Session and Workshop Abstracts
Workshop 1A (W1A) - Abstracts
Risk and Responsibility: ethical considerations within engaged research
Hosted by: Veronica Heney, Charlotte Jones and Lorraine Hansford
Keywords: Engaged research, co-production, payment, risk, relationships, collaboration
Abstract: Engaged research is an approach akin to co-production, participatory research, and public involvement, which seeks to critically address the traditional relationship between the ‘researcher’ and ‘research participants’, considering the impact of power on modes of knowledge production, and seeking greater equality and collaboration in planning, conducting, and benefiting from research. Engaged research is often conducted with people who in the past have been marginalised or excluded from public health research, with the explicit aim of addressing these harms and exclusions. Engaged research is thus an approach which seeks to place ethics at the heart of research practice: nevertheless it raises many ethical quandaries and often sits uncomfortably with current modes of ‘doing’ and ‘assessing’ Ethics in universities.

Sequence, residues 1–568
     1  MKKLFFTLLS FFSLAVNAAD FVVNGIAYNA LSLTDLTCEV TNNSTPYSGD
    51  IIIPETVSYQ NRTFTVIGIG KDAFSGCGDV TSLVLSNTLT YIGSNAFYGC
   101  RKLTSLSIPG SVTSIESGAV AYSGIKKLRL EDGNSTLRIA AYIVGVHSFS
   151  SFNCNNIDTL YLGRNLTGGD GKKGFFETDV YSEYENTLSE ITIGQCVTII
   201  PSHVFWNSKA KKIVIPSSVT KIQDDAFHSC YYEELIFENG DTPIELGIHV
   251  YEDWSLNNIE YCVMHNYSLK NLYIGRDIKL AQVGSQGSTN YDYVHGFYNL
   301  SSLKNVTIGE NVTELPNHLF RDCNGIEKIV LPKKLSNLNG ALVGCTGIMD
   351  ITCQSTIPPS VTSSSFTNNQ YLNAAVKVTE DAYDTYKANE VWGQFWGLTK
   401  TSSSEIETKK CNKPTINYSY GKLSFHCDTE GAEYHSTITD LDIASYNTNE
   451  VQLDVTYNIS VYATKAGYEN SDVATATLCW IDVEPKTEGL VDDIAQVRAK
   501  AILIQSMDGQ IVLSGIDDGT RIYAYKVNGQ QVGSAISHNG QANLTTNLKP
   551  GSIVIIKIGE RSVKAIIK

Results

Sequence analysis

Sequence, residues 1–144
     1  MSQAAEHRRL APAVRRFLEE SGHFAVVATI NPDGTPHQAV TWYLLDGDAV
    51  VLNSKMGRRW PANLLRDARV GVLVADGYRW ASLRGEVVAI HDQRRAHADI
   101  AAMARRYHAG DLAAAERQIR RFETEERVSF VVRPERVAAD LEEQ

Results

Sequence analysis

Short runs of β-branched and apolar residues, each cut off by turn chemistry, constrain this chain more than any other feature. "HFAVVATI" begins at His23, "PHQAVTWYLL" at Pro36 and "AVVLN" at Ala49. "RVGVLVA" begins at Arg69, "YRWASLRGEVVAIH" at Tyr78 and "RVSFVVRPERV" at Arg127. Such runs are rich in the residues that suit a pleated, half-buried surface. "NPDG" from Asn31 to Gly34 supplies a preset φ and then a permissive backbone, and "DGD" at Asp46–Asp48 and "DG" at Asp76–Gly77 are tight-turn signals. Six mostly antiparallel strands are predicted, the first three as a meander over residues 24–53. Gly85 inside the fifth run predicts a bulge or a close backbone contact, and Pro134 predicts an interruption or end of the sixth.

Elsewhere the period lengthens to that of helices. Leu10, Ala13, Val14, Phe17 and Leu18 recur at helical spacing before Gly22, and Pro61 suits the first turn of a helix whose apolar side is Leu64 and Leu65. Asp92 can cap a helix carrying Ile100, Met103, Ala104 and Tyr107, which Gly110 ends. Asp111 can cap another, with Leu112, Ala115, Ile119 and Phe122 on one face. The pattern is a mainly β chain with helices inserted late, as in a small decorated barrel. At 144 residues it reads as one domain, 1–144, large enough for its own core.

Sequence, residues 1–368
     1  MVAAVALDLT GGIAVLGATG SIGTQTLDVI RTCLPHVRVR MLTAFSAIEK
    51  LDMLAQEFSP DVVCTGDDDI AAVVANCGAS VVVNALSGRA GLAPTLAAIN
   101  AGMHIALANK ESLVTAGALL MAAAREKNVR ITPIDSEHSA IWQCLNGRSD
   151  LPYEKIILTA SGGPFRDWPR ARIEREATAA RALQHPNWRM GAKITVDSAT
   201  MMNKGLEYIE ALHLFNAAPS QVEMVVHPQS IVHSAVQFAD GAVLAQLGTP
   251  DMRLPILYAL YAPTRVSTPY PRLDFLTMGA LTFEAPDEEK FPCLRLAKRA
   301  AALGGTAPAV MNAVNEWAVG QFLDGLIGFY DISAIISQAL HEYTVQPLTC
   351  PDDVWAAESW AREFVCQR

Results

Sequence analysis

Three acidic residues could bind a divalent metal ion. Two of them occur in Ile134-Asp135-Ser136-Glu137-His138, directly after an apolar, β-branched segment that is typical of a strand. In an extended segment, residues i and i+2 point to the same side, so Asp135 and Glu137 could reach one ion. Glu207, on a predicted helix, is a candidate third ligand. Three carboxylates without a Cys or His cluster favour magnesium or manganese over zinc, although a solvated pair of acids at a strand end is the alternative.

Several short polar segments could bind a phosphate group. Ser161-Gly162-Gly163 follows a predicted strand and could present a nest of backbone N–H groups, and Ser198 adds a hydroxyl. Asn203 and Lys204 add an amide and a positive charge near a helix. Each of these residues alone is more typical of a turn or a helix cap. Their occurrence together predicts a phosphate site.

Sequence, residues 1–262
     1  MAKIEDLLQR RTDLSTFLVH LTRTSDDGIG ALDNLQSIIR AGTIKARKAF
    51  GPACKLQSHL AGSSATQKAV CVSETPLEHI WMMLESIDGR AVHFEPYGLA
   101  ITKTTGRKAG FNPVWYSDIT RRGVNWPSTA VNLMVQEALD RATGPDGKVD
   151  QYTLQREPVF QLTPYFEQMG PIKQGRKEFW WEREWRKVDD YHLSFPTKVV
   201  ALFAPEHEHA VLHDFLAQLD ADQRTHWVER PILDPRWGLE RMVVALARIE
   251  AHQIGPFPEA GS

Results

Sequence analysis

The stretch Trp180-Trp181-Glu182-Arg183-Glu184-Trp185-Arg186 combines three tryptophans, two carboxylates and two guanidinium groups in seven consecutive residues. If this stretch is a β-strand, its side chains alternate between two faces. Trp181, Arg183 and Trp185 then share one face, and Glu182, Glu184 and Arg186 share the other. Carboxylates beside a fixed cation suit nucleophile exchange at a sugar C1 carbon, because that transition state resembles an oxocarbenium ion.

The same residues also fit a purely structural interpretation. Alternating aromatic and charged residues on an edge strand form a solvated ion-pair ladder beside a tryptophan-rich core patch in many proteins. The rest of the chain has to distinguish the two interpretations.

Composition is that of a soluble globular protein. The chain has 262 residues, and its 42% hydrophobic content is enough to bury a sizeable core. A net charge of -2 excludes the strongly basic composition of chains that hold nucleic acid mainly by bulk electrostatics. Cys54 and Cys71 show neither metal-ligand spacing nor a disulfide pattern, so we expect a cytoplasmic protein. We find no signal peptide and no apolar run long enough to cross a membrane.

This experiential and action-oriented workshop aims to address the ethical issues raised by practices of engaged research, drawing together our own expertise and facilitating opportunities for participants to share knowledge and think collectively. Each of the three facilitators will speak briefly about ethical concerns in their own practices of engaged research. VH works on cultural representations of self-harm as understood by people with experience of self-harm, CJ’s reflections will be grounded in her collaboration on reproductive support for people with variations of sex characterstics (VSC/Is). LH will draw on research within low-income communities looking at mental health and experiences of end of life and bereavement.
We will collectively discuss three areas of particular interest: first, issues of payment and other practicalities including anonymity and authorship in which engaged research might diverge from standard practice. Second, the common ethical frameworks of risk and vulnerability and the ways in which engaged research might problematise or disrupt them. Third, the ways in which engaged research practices blur or shift expected roles and relationships, and how to navigate that change in an ethical way.
The workshop will then turn to group work, in which participants will be invited to discuss key issues or questions raised in the introductory presentations. The groups will then be led through activities to encourage the sharing of experience and expertise and collaborative working towards potential solutions or recommendations. This section will facilitate mutual support and solution-building, balancing the desire for nuanced, sensitive discussion with the practical need for tangible actions and helpful approaches, and allowing for dialogue and the emergence of a community of practice around this vital theme.